Farm Servants and Labour in Lowland Scotland 1770-1914 edited by T.M. Devine (published in 1984 by John Donald Publishers Ltd of Edinburgh) includes a chapter by Michael Robson entitled "The Border Farm Worker". This appears on pages 71-96 of the book.
A short article on "The Weavers of the Borderland" appeared in the 1935 Hawick Archaeological Society Transactions, on page 15. Beginning "There is scarcely a trace of the old handloom weavers that were prominent in every Border district before the advent of the modern loom swept them aside" the article continues to briefly mention weavers in Selkirk, Kelso, Darnick, and Coldingham.
The Borders Family History Society is transcribing and indexing old Poor Law Records for Berwickshire.
Peter Higginbotham's The Workhouse website includes photographs of the poorhouse at Kelso which housed some Berwickshire paupers as well as paupers from eastern Roxburghshire. The 1881 census reveals a smaller poorhouse facility in Chirnside (possibly a number of cottages used for the purpose), together with probably even smaller in-relief facilities in each of Duns, Coldingham, Ayton, Earlston, and Bunkle and Preston parishes.
Here are some figures showing the county's population through time:
- 1755 - 23906
- 1801 - 30206
- 1811 - 30893
- 1821 - 33385
- 1831 - 34048
- 1841 - 34438
- 1851 - 36297
- 1861 - 36613
- 1871 - 36486
- 1881 - 35392
- 1891 - 32406
- 1901 - 30824
- 1911 - 29643
- 1921 - 28246
- 1931 - 26612
- 1951 - 25060
The commissariot record of Lauder: register of testaments, 1561-1800 edited by Francis J. Grant was published in 1903 in Edinburgh by the Scottish Record Society. It is listed in the LDS Family History Library catalogue in microfilm format, so is hopefully available worldwide in LDS family history centres. This out of copyright book has been scanned and put online by the Internet Archive.
Index to the inventories of the personal estates of defuncts: recorded in the Commissary Court books of Ayr, Kirkcudbright, Wigtown, Dumfries, Roxburgh, Berwick, Peebles, and Selkirk was published by HMSO in Edinburgh in 1868, and indexes inventories of estates of deceased people in these counties between 1846 and 1867. It is listed in the LDS Family History Library catalogue in microfilm format, so is hopefully available worldwide in LDS family history centres.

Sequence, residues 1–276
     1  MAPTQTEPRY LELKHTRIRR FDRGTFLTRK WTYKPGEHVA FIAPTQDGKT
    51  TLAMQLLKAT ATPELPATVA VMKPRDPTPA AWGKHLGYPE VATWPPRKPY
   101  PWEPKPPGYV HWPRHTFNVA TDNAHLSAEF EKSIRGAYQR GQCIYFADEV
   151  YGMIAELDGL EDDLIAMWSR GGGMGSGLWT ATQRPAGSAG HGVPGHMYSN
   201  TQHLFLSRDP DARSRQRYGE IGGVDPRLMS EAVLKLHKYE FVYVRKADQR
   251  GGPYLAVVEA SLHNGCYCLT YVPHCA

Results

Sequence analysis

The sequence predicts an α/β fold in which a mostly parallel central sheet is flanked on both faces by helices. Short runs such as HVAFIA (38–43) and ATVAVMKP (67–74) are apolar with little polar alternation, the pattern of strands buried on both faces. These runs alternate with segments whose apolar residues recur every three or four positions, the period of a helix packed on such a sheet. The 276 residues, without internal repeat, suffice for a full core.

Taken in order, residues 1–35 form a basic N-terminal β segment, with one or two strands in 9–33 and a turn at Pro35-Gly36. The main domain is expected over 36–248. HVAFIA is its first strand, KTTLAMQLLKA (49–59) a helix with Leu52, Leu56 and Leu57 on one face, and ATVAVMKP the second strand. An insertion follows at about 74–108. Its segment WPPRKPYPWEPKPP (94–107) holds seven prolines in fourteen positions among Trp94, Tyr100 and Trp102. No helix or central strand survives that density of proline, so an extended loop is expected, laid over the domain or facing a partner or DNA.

Note that testamentary records - where they survive - for this county are generally held in the National Records of Scotland in Edinburgh. The National Archives has unpublished testamentary indexes for some other periods, but many surviving records are unindexed.
An article about parish schools in 17th century Berwickshire was published in past transactions of the Berwickshire Naturalists' Club. It was written by Margaret Elliot and appeared in two parts:
- Volume 40 (part 3 - 1976) pp.223-231 (covering Ayton, Chirnside, Coldingham, Coldstream, Edrom, Eyemouth, Foulden, Hutton, Ladykirk, Mordington, Simprim, Swinton, Whitsome and Hilton)
- Volume 41 (part 1 - 1977) pages 41-59 (covering Abbey St Bathans, Bunkle, Channelkirk, Cockburnspath, Cranshaws, Earlston, Eccles, Ellem, Fogo, Gordon, Greenlaw, Hume, Langton, Legerwood, Longformacus, Mertoun, Nenthorn, Polwarth and Preston)
Chapter 9 of The Borders Book (see the Bibliography section) contains a section concentrating on the social life and welfare in the area, including population numbers, pay and conditions, housing, health and education etc. See also the Statistics section below.
A good insight into 17th century Berwickshire life, for the gentry at least, may be found in the diaries of George Home of Kimmerghame (1660-1705). The first instalment of these (An album of Scottish families, 1694-96) was published in 1990 by Aberdeen University Press and edited by Helen and Keith Kelsall.
An earlier work on a similar subject is Helen and Keith Kelsall's Scottish Lifestyle 300 Years ago: New Light on Edinburgh and Border Families, published in 1986 at Edinburgh, ISBN 0 85976 167 3. This is based largely on the diary of George Home of Kimmerghame mentioned above, together with the account books of his cousin's wife, Grisell Kar, Countess of Marchmont.
An article on "Border life 140 years ago" (circa 1800) appeared in the 1936 transactions of the Hawick Archaeological Society, pages 5-12. Written by James Edgar, it is largely based upon the Statistical Account of the 1790s.
The 1932 transactions of Hawick Archaeological Society contained an article on "Border rural life in the olden time", pages 13-16. Written by Walter Barrie, this concentrates on the first half of the century, going back to his childhood and also covering life for the previous generation.
The Borders Family History Society covers Berwickshire.
For a social and economic record of the parishes of Berwickshire, together with masses of statistical material, see Sir John Sinclair's Statistical Account of Scotland which was compiled in the 1790s. Volume III deals with the Eastern Borders, including Berwickshire. The account was reprinted in facsimile form in 1979 by EP Publishing Limited of Wakefield, England.
Follow-up works to this were the New Statistical Account (also known as the Second Statistical Account) which was prepared in the 1830s and 1840s; and more recently the Third Statistical Account which has been prepared since the Second World War. The Third Statistical Account: The County of Berwick was published in 1992 by Scottish Academic Press, ISBN 0707306086.
The New Statistical Account for this area is listed in the LDS Family History Library catalogue in microfilm and microfiche format (under Scotland/Berwick/History), so is hopefully available worldwide in LDS family history centres.
The online version of The Statistical Accounts of Scotland 1791-1799 and 1845.
See also the Population section above.